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California Theatre – La Loie Fuller – Original 1896 Performance Programme.

Published: San Francisco: California Theatre, 1896

Stock code: 93928

Price: £475

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A remarkable survival, a flimsy folded single-sheet programme produced for Fuller’s two shows at Al Hayman’s California Theatre in November 1896. Fuller’s Serpentine Fire Dance had made her the toast of avant garde Paris, earning her the respectful soubriquet “La Loie Fuller”; drawn by Rodin, Toulouse-Lautrec, Whistler, and Chéret and celebrated in words by Georges Rodenbach, Robert de Montesquiou, and Stéphane Mallarmé who called her “the theatrical form of poetry par excellence”. Her many technical innovations in lighting, colour, costume and choreography created effects which seem to have profoundly affected her audiences, musicologist and historian of the dance Félicien de Ménil described how “One feels subtly transported into the strangest regions of the dream … in these astonishing apparitions, something satanic and demonic, but of a gentle Satanism, of a poetic and suggestive demonality, which sets one on the starry and luminous path of hashishian dreams …” This may be difficult to relive through the scant surviving filmed evidence of her work, another of her innovations was to allow herself to be filmed by the Lumière brothers, but her lasting influence is undeniable; “Fuller’s work came to be seen as a bridge between Romanticism and modernism, between ballet and the multiple forms of “new dance,” and between the nineteenth- and twentieth centuries. Fuller both prepared the way for and to some extent was contemporaneous with better-known innovators in dance, such as Diaghilev, Fokine, the Ballets Russes, and Isadora Duncan. Her innovations in movement and stagecraft were unique and inspiring but never fully reproduced by the dance pioneers who followed her” (Carolyn Slinsky, The Modernism Lab at Yale University). The oddly contrasting supporting acts were the popular Tobins trombone duo, The Treble Clef Quartette performing “Now is the Month of Maying”, and Prof. Chas. F. Graeber’s Banjo, Mandolin, & Guitar Club. A footnote draws attention to the fact that “Stearns’ Yellow Fellow Bicycle is used by La Loie Fuller”, a celebrity endorsement rather than a performance note … we hope.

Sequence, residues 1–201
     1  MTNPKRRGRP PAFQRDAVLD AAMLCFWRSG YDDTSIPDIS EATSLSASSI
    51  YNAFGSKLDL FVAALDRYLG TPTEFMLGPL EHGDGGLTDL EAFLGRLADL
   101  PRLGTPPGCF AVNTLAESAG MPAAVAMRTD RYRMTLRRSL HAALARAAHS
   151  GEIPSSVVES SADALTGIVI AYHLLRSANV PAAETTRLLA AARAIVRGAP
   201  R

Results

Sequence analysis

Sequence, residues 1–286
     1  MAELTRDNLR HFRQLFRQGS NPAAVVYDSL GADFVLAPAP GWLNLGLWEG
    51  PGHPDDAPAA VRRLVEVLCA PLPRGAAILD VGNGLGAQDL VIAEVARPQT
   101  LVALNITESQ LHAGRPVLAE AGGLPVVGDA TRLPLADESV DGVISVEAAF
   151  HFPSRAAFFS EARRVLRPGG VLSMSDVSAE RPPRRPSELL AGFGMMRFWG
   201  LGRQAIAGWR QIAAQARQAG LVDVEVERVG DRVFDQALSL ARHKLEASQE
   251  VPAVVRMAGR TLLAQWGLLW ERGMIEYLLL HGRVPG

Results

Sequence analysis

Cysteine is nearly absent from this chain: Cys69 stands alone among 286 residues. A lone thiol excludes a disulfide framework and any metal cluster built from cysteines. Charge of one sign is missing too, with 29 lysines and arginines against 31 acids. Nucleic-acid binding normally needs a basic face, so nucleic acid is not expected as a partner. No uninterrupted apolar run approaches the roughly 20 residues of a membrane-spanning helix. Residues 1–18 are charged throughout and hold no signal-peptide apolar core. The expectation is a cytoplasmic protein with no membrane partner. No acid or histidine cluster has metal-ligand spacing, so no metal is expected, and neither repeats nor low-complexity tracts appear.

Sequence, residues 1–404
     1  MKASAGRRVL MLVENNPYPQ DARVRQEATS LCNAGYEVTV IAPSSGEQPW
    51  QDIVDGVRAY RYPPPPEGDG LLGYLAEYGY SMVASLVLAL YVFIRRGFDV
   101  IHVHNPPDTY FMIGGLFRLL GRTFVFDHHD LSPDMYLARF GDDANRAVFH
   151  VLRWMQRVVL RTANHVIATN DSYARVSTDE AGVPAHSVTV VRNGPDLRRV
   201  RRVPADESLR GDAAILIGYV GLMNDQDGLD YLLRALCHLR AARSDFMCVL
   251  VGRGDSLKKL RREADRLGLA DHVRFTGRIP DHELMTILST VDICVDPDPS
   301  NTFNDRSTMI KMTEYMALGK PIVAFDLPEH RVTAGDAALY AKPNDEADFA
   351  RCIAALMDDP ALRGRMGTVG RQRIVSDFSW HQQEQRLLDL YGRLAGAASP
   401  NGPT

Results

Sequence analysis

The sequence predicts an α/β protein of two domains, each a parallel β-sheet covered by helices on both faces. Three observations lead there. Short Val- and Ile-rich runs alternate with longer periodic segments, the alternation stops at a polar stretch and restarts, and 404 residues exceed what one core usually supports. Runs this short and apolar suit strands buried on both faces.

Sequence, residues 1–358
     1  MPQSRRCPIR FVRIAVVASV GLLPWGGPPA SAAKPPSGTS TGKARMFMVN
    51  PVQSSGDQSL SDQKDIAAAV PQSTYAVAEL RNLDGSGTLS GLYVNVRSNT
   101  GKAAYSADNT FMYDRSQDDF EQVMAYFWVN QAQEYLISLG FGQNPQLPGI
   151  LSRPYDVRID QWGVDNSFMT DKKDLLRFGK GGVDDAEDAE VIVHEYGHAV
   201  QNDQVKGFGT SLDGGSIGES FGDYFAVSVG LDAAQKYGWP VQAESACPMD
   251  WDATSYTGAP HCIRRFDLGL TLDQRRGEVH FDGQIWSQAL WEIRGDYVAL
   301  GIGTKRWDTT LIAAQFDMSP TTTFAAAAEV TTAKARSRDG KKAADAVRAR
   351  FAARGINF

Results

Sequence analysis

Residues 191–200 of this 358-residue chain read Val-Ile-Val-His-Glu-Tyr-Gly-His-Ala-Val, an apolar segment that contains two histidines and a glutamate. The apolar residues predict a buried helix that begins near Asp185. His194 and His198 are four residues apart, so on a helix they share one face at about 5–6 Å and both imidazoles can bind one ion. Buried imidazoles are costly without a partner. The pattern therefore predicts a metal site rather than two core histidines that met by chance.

Small octavo (173 130 mm) Bifolium, printed all four pages. Front cover with image of Fuller in her Serpentine Dance costume. Pale uniform browning and some light creasing.

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